One of the more interesting developments in Taiwan's 2016 general election was the rise of so-called "Third Force" parties--completely new entrants into the political system, rather than break-aways from the KMT or the DPP. While some of the media commentary got a bit carried away about the significance of these new parties, the founding of one, the New Power Party (NPP), did pose a serious threat to the DPP's chances of winning a majority in the legislature. As an offshoot of the Sunflower Movement, the NPP positioned its message in a way calculated to appeal to pan-green voters, and it recruited high-profile candidates to run in district races, not just the party list. These district candidates had the potential to split the pan-green vote in what everyone expected would be a very anti-KMT year, and in a worst-case scenario for their side, help the KMT hold on to their legislative majority.
In the end, a pan-green split didn't happen. A key reason is that the DPP headed off the threat early: the party formed a kind of pre-electoral coalition by yielding 11 districts to the NPP and other non-DPP candidates in exchange for their support not to run against DPP candidates elsewhere. And the districts that the DPP yielded were, with one exception, far past the critical 57th seat needed to deliver a legislative majority. It turned out to be a good deal for the DPP, which won 68 seats overall. It also, more surprisingly, turned out well for the NPP, which won all three district seats and five overall and became the third largest party in the LY.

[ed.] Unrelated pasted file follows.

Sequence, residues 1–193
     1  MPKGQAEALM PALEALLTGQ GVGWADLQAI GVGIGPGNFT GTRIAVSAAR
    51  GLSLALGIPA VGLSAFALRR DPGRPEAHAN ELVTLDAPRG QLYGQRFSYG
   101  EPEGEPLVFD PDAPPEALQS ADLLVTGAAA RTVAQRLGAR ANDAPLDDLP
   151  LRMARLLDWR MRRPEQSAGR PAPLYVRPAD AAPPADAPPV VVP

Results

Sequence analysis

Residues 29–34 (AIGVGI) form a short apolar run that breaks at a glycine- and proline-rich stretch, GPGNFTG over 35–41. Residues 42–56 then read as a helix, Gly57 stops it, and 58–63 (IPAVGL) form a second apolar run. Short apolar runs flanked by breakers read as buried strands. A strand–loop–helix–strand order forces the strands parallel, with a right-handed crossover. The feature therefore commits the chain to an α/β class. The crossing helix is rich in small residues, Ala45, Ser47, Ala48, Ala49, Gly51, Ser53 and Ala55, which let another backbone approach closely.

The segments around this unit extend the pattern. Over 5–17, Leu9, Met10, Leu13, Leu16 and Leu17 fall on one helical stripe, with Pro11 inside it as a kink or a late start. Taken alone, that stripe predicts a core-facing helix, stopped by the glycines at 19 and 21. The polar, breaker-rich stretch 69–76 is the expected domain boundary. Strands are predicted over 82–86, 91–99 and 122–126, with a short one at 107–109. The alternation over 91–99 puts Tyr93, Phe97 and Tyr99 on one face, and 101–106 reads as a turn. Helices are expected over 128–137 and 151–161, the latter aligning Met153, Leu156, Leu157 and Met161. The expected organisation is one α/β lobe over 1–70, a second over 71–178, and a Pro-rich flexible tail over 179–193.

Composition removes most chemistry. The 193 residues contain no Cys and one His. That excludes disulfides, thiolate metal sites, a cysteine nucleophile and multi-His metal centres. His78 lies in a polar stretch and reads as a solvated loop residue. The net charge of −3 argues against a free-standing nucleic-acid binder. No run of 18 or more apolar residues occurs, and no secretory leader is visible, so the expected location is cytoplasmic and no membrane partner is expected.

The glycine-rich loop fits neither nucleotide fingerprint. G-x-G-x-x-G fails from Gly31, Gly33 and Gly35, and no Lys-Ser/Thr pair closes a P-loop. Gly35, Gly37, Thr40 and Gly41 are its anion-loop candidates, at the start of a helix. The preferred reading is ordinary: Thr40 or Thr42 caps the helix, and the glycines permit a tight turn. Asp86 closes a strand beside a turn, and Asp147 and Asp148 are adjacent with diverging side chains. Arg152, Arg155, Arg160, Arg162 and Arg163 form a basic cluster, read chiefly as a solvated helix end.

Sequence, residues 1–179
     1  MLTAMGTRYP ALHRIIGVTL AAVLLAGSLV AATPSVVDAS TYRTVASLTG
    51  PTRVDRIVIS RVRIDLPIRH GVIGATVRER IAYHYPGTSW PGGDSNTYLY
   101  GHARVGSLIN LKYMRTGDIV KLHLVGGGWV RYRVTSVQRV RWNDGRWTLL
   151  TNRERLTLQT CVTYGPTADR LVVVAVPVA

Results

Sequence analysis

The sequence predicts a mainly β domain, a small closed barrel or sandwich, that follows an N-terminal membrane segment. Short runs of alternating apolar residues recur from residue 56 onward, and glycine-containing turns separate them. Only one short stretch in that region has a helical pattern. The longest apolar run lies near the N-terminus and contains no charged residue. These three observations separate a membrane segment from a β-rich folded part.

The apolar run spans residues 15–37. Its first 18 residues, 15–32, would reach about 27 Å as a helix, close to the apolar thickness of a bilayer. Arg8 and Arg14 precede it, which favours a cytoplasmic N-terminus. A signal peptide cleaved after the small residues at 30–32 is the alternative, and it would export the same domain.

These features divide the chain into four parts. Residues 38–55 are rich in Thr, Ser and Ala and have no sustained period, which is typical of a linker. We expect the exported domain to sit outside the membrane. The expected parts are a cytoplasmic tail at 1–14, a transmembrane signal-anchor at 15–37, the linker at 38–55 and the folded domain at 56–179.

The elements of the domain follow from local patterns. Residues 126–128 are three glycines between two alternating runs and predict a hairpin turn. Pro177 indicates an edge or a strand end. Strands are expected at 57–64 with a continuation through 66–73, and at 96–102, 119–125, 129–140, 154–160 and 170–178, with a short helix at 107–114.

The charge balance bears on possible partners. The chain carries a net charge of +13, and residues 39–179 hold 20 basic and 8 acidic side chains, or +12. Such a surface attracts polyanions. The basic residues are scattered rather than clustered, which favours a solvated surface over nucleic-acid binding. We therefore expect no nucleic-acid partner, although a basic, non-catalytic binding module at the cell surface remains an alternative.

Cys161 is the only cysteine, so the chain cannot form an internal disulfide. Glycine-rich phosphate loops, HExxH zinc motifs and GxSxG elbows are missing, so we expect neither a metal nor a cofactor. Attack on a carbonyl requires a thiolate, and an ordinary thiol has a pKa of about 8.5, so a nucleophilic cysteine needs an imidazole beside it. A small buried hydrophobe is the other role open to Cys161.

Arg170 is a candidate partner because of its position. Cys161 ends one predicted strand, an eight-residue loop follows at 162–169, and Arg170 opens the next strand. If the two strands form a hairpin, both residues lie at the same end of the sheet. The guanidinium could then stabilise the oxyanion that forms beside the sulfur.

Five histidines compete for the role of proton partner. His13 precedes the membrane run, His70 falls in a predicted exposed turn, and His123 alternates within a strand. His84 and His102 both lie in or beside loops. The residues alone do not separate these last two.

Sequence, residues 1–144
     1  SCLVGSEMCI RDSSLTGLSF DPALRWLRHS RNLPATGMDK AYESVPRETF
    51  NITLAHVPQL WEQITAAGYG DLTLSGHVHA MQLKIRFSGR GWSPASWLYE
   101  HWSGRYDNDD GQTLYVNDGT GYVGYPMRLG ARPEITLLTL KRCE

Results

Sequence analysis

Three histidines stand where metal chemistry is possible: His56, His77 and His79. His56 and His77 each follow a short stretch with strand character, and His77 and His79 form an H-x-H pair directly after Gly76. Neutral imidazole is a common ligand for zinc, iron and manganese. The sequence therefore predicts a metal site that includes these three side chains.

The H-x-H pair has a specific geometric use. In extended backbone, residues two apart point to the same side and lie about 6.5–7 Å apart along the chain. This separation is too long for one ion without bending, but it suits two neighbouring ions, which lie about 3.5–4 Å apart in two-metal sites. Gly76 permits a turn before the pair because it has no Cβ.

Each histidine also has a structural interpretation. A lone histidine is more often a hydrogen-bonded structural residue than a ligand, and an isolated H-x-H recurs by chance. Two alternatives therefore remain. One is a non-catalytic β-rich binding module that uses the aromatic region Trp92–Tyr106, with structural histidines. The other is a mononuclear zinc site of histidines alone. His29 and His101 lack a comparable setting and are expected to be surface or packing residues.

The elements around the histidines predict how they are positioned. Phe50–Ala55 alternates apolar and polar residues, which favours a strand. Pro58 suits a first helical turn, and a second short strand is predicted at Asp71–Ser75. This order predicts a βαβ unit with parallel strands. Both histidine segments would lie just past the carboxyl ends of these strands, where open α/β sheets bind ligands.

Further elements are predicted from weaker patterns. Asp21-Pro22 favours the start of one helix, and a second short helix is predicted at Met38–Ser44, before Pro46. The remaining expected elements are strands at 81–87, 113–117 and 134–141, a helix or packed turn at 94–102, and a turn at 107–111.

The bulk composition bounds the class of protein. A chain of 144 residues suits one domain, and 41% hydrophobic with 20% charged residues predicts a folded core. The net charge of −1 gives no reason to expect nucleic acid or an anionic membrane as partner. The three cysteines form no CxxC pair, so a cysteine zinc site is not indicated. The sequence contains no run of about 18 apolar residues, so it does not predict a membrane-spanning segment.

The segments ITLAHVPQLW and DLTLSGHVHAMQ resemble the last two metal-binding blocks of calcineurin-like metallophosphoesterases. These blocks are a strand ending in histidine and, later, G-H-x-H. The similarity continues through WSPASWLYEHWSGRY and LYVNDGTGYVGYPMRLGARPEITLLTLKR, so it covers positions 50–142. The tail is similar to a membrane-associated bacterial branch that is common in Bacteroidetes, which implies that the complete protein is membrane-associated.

My own expectation going into the election was that the NPP candidates would perform worse, on average, than a generic DPP challenger. (In fact, if you read that linked post closely, I was even more specific: 2-4 points worse, on average.) The rationale was pretty simple: Freddy Lim, Hung Tzu-yung, and Huang Kuo-chang were already household names, but their close association with the Sunflower Movement, and the acerbic rhetoric of Huang, especially, suggested they would be fairly polarizing as candidates. And in the traditionally blue-leaning districts of Taipei 5 (Lim) and New Taipei 12 (Huang), I thought they would turn off more voters than they attracted with that approach.
So what actually happened? In the graph above, I've plotted the vote share of each DPP and DPP-endorsed district candidate against Tsai Ing-wen's share of the presidential vote in the same district. DPP incumbents are represented by solid dots; challengers (i.e. non-incumbents) by hollow ones; NPP candidates by hollow squares, and other non-DPP candidates by hollow triangles. (A hearty thank you to Frozen Garlic for doing the yeoman's work of sorting the presidential race vote totals by LY district and making these data publicly available.)